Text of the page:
Business Interests Buoyed by Calderon Election Lead

Mexico's stock market posted strong gains after Felipe Calderon, the free-market, center-right candidate, declared himself victor in that country's presidential election. But his main opponent, Andres Manuel Lopez Obrador, is refusing to concede. An official vote count starts Wednesday.

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STEVE INSKEEP, host:

Mexico's stock market rose nearly five percent yesterday on news that Felipe Calderon, the conservative candidate, claimed victory in that country's presidential election. Which does not mean the contest is over.

An official count begins tomorrow, and the world markets will be watching closely, as NPR's Adam Davidson reports.

ADAM DAVIDSON reporting:

Mexico has the world's 14th largest economy, way above, say, Saudi Arabia and all but four European countries. It's the second largest U.S. trading partner, ahead of China. So investors all over the U.S. and the world are quite interested in the Mexican elections.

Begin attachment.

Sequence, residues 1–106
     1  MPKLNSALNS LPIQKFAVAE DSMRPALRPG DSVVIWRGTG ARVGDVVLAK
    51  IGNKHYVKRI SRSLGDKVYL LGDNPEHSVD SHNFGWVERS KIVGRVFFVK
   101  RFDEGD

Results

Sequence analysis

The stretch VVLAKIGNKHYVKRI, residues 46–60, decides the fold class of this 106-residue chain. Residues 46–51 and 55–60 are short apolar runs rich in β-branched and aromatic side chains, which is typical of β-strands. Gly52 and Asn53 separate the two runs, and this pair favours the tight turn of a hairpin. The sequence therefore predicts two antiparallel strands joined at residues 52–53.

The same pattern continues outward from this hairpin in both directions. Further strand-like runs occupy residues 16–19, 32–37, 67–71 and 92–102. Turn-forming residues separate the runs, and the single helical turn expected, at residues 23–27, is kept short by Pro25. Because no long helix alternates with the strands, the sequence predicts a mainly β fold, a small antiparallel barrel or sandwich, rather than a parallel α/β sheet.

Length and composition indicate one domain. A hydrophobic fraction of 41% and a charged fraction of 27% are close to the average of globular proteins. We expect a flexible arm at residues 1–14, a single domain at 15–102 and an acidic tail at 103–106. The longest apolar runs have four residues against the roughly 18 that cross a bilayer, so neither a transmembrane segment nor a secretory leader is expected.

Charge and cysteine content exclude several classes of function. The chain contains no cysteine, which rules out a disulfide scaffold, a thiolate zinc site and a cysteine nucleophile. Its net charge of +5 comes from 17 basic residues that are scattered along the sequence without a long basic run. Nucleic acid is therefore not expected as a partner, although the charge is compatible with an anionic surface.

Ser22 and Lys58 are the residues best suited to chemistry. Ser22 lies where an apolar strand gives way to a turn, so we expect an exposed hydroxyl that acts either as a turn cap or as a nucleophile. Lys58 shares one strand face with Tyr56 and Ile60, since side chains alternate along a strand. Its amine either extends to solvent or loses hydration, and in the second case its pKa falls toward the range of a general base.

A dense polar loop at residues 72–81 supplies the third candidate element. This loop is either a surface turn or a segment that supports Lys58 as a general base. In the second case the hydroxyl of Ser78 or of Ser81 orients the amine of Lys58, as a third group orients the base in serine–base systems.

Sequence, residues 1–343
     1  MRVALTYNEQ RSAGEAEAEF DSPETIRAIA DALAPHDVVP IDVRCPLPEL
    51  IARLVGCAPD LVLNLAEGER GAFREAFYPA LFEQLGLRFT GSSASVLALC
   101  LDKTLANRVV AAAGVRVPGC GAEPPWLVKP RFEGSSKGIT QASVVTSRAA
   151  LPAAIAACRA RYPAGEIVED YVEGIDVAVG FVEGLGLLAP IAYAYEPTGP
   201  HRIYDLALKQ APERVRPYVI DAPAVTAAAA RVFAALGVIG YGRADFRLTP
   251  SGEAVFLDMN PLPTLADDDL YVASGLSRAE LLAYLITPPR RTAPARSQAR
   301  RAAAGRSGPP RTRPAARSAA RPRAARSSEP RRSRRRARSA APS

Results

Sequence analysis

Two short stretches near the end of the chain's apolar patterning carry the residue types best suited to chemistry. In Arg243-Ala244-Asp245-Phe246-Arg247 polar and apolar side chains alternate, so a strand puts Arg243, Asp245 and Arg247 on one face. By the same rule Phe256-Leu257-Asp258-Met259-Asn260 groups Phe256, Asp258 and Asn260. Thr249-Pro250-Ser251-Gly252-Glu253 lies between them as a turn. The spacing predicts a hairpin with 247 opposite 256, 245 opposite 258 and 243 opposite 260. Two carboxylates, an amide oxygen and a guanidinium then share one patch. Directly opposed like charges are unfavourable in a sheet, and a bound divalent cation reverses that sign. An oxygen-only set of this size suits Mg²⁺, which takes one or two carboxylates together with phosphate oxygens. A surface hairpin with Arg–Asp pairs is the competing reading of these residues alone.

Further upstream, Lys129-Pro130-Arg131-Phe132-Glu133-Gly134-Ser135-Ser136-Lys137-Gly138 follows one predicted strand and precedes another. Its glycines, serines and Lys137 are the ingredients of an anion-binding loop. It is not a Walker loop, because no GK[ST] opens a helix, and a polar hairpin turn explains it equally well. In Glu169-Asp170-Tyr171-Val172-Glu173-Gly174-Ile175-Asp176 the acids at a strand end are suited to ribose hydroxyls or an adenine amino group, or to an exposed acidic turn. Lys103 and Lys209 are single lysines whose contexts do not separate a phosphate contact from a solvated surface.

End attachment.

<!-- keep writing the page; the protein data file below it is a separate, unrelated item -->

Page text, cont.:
Professor RICARDO HAUSMAN (Economic Development, Harvard University): It will affect who decides to move their operations to Mexico, who decides to bet on the Mexican investment proposition.

DAVIDSON: Ricardo Hausman runs Harvard's Center for International Development. He says pretty much every business person hopes Felipe Calderon wins. It's a bit of a no-brainer. He's the pro-business candidate with a free market orientation.

But, Hausman says, a win by left-leaning Lopez Obrador could be better for Mexican business in the long run.

Prof. HAUSMAN: There's an old Brazilian joke that says that politics is played like the violin, that you take it with the left but you play it with the right.

DAVIDSON: If Lopez Obrador were to become like the heads of Brazil and Chile, moderate in office, despite a radical campaign, it would signal that even Mexico's left is business-friendly. That, Hausman says, could dramatically increase investment in Mexico.

Of course, Lopez Obrador could stick to his radical guns, pleasing his supporters and, Housman says, scaring away much foreign investment.

Adam Davidson, NPR News.

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